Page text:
I don’t know if anyone remembers, but back in the early days of this bird-spotting challenge, I acquired a nemesis. An arch-enemy of such despicableness that it caused me to swear in frustration in front of a nine-year old child.
That nemesis was a Goldcrest and the frustration was a result of trying (and failing dismally) to take a semi-reasonable photograph of it. It merrily flitted around a tree, every now and then pausing long enough for me to get my camera pointed at it, before moving on just a fraction of a second before I was able to click the shutter. This happened on numerous occasions before I said one, loud, debased word in front of an underage audience. I felt bad – not for cursing in front of a minor [kids nowadays seem to know most obscenities before their first decade is out anyway – I blame rap music, the internet, shoot-’em-up computer games and amateur wildlife photographers with poor reaction time and an unreasonable lack of patience], but for not getting the picture I wanted.
Anyway, I eventually got over the frustration, promised never to swear at nature again and moved on with my life. My dalliances with my nemesis consigned to history. If I’m being honest, I had forgotten all about the episode until I unexpectedly bumped into a small group of Firecrests (also members of the kinglet family) on a day-trip to Brownsea Island in Dorset.
Firecrests are very similar to Goldcrests in that they are tiny, have a colourful crest on the top of their head and are an absolute bugger to photograph.
I spent some time observing the group of probably four or five bouncing around the upper branches of a conifer, before taking a deep breath and readying my camera for battle. As expected, they did exactly the same as the Goldcrests had done before on that dreary January morning – buzzed around the tree, stopped for long enough for me to think I could take a photo, then moved off at an inconvenient moment. I frantically clicked away at branches that once had Firecrests perched on them until I felt that my frustration had nearly reached profanity levels, put my camera away, took a deep breath and carried on with my wander around the island. I love nature and didn’t want to break my ‘no swearing at it’ promise – That would be rude.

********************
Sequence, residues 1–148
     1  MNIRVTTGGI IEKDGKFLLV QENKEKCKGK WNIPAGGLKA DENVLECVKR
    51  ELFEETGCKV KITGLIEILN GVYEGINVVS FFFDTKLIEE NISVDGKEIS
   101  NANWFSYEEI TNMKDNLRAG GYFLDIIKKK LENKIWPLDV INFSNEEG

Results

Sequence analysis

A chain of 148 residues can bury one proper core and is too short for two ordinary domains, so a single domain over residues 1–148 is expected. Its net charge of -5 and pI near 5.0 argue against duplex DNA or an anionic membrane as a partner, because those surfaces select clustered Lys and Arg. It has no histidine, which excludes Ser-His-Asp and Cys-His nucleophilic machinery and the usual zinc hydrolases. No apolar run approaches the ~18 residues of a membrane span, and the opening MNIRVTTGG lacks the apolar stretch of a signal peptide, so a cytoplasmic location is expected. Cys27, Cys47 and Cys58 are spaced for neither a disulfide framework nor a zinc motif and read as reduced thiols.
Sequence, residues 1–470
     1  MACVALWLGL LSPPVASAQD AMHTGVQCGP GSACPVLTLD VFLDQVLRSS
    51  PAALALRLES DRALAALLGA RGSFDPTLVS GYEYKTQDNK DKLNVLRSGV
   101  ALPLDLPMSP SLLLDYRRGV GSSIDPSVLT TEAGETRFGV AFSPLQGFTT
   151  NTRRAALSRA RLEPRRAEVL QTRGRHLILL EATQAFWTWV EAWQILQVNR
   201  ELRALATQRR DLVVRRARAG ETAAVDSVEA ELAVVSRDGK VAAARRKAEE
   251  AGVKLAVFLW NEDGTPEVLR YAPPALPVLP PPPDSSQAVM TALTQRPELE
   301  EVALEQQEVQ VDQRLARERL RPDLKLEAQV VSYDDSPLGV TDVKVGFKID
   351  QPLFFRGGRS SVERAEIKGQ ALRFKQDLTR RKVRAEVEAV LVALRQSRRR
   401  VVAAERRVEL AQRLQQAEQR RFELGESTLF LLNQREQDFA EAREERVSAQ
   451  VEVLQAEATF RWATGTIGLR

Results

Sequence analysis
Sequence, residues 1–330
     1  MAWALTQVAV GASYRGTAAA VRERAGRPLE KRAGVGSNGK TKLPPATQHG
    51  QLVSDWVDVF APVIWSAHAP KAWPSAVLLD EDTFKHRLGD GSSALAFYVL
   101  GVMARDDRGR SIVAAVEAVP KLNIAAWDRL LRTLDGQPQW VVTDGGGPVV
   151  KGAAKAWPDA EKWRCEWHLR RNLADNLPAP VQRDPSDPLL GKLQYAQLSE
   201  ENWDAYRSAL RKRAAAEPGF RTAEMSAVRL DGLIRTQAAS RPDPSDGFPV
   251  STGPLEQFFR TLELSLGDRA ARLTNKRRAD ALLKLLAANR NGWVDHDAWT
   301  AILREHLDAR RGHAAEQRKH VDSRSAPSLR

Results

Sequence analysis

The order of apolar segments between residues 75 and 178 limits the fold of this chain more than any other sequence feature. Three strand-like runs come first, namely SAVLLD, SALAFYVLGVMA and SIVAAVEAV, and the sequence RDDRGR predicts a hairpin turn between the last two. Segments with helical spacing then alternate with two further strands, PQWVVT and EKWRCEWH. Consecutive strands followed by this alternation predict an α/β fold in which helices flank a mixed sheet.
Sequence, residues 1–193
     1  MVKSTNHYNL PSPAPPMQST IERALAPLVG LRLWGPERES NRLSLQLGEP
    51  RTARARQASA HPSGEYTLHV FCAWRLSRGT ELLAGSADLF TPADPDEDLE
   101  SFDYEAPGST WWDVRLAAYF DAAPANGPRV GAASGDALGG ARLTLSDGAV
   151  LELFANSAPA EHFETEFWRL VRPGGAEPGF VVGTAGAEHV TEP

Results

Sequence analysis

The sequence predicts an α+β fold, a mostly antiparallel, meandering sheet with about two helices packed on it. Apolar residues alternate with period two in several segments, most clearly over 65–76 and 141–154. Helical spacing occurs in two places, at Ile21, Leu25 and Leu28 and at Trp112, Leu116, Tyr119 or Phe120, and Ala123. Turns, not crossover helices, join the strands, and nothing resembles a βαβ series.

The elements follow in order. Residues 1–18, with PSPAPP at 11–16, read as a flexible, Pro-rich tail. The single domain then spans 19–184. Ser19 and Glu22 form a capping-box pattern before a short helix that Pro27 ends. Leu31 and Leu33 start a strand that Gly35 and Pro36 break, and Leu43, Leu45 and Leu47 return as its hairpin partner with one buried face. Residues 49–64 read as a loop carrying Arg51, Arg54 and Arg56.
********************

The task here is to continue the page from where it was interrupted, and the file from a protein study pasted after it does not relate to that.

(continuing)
About half an hour later, hindsight prodded me in the brain and suggested that maybe I could have videoed the birds instead. Yes, that would have worked.
As it stands, I have no proof I saw my first Firecrests of the year – You will just have to believe me when I say that I did.
Apparently, there’s a bird-watching term for someone who fabricates bird sightings. They are referred to as a ‘stringer’. They can either do this intentionally – perhaps through an over-riding need to get attention – OR unintentionally – by misidentifying a common bird as a less common one. Either way, these people are viewed, in bird-watching circles, along similar lines to those oddballs who like to eat children or those unfortunates who wear socks with sandals. Someone who ‘strings’ more than once is a ‘re-stringer’ and is useful to know if you play a lot of tennis.
I do definitely have an over-riding need for attention and my bird identification knowledge is, at times, a little bit sketchy… but, I am an honest person – Honest…
All this said, I hope you will believe me when I say that on this trip, I also saw a pair of Indian Peafowl (on Brownsea Island) and a Hooded Merganser (at RSPB Radipole Lake) – Almost unbelievable, I know. But I did. No word of a lie!
But can I count them for my list?
The Peafowl are obviously from some ornamental bird collection. They are native to southern Asia and can only fly a matter of yards before needing to land, so unless they walked the six-or-so-thousand miles and booked the odd ferry trip here and there, they were deliberately introduced to the UK. This means I definitely cannot add the sighting to my list.
The Hooded Merganser, however, is apparently a little more of a conundrum. The species is usually confined to North America and there is some debate as to whether they could possibly cross the Atlantic and end up in the UK as ‘vagrants’ (birds who inadvertently turn up in places far outside their usual breeding or migratory range). This is always a possibility, but is likely to be unlikely. What confuses the issue is that there are obviously Mergansers in bird collections across the country, so it could either be a fence-jumping escapee or an intrepid ocean-crosser.
The official line on the bird is that it is probably an absconder from someone’s exotic pet collection. It appears that this decision is subject to an incredible amount of internet discussion and I’ll guess we’ll never know its true origin – Unless, of course someone is able to work out if the bird has an American accent or not.
So, as it stands, it is uncountable for my 2014 list… Except if the powers that be change their minds or I finish the year on one-hundred and ninety nine.
I added a Knot to the list at Shell Beach on Studland Bay – Fortunately, I found it just further along the coastline from the naturist area of Knoll Beach, so was able to take a photograph without potentially looking like a peeping Michael. It was a little chilly for nudism, so well done to anyone who gave it a go.